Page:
Minelle Mahtani

While still a senior in high school I signed up for a course in visual landscape perception at Harvard University’s summer school. The professor introduced me to a new way of looking at geography. I had never before considered how the space we are in affects who we are. These new concepts of the way people act in different spaces stimulated my interest, however, it was not until later that I pursued geography in a dedicated way. My next encounter with the topic of cultural geography occurred during my undergraduate study at the University of Toronto.

I chose an elective course called “Modern Urban Landscapes” because it appeared to be on the same topic as the one I had taken at Harvard summer school. My curiosity for the elective course grew and I abandoned my degree in International Development to continue undergraduate studies in social anthropology at Dalhousie University in Halifax. This is where I began to think about geography in a serious way even though the university had no geography department. I focused on feminist geography, which contemplates the relationship between space, identity, race, and gender.

When I was offered a scholarship to study these complex issues for my Ph.D. at University London College in the United Kingdom I felt I had found my intellectual home. Academic positions in the United States, Australia, and Canada as well as consulting contracts contributed to my experience base and I now work with interesting people doing exciting work in inclusive geographies and the environmental fields.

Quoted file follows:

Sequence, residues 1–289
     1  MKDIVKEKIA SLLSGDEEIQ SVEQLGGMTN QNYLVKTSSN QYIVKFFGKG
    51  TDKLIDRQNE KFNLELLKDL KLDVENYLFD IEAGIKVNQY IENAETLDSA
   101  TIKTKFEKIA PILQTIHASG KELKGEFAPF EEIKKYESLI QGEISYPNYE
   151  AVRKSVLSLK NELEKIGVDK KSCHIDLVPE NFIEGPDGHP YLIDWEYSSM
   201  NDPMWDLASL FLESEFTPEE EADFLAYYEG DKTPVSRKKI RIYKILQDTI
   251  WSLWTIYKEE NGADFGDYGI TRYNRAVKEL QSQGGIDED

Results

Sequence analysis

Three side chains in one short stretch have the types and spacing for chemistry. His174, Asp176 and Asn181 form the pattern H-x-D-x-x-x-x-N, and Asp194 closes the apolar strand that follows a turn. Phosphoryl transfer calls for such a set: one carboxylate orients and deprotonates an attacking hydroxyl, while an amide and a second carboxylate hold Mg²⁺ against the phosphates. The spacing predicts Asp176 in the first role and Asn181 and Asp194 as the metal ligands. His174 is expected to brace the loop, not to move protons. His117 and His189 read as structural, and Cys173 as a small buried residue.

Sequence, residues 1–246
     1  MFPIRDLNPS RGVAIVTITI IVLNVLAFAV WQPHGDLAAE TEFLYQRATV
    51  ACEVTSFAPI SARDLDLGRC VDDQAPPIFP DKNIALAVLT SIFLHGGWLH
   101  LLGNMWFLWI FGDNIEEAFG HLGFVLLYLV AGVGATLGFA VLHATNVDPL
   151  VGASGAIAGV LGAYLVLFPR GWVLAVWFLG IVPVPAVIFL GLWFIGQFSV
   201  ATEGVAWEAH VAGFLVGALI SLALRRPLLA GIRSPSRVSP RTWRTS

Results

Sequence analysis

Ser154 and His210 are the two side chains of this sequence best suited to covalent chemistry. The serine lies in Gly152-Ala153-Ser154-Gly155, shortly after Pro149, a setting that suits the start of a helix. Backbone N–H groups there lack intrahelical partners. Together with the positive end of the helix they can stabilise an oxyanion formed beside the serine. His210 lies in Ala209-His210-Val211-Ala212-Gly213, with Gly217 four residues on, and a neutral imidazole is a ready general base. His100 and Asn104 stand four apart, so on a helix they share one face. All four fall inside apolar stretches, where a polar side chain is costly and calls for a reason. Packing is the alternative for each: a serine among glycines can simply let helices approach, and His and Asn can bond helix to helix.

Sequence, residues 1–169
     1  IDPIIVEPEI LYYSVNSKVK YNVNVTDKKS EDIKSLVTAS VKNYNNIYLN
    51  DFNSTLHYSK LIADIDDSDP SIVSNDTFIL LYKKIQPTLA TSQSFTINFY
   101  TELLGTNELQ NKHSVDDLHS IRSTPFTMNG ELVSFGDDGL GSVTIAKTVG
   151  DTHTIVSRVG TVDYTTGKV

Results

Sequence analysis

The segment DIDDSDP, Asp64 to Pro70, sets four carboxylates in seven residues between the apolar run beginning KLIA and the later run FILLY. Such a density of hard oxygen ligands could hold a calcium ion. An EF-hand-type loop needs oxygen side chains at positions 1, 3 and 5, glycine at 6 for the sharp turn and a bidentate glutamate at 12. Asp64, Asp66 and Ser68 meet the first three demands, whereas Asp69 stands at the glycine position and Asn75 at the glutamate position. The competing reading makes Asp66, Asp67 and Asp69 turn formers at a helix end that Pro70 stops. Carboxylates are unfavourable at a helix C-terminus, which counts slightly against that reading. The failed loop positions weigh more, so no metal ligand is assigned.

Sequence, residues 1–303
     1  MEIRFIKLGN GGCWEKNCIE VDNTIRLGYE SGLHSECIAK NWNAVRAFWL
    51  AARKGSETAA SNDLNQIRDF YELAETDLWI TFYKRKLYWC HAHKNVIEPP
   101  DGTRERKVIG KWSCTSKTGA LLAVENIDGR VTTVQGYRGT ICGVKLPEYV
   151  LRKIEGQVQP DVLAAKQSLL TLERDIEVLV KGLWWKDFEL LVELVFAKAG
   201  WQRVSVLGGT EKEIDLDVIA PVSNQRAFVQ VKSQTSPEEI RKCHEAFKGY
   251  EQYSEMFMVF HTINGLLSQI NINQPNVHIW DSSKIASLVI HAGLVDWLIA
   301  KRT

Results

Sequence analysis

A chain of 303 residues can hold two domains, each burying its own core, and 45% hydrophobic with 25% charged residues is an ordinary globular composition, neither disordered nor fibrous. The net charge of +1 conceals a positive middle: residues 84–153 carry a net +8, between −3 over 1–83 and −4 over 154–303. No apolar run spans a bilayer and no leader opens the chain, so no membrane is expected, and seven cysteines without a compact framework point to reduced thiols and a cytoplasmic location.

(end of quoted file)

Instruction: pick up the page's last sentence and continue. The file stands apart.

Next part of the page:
The work I do to create research papers helps me to stay up with the new information in my area of expertise. I also attend conferences, read extensively, and interact with colleagues to share information and discuss topics of mutual interest. I have also been fortunate to have mentors and advisors who provide valuable advice as well as scholarly support for my work. Social/cultural geography is a very wide field.

There is great potential and I like to think, “geographers can do anything”. My personal aspirations for the future include a hope that more diversity of people and especially more women of mixed racial and cultural backgrounds will enter the field of geography. We need this range of perspectives to expand our abilities to solve the problems of today and the future. One of the things I intend to do is continue to teach and research the topic of multicultural geography as well as write a book on the subject.

To begin a career in geography you need to be open to new ideas, eager and excited to think about the environment in new ways. Try to get the right mentors and choose your academic and professional leaders with care. The right leader will make a big difference to your experience in this field. The academic credentials are important of course, however, the personal attributes of determination and high standards will prove valuable in the long term.

It is a challenge to ensure my approach to work maintains a relationship to large and small spaces. I talk about geography all the time and communicate how the spaces where things happen relate to the environment. Other geographers take a more traditional approach to their role in geography. My emphasis is on how the element of space has an effect on day-to-day interactions. I enjoy the fascinating discussions that come out of my interactions with colleagues and clients.

As a professor, I am encouraged by the students in my classes who have a commitment to make the world a better place. During my travels, I also meet many interesting people and see different cultures. On a daily basis, all of the elements of my geographical interests are involved. People are part of the environment. It is important to consider not only how people affect the environment but also how the environment affects people.

My efforts to express my ideas on how our identities shift with changes in location have had multiple benefits. The most obvious is the growing acceptance of the concepts of multicultural geography. Another is the emerging trend for women to express their opinions in these areas and for these opinions to positively enhance both the people involved and the environment.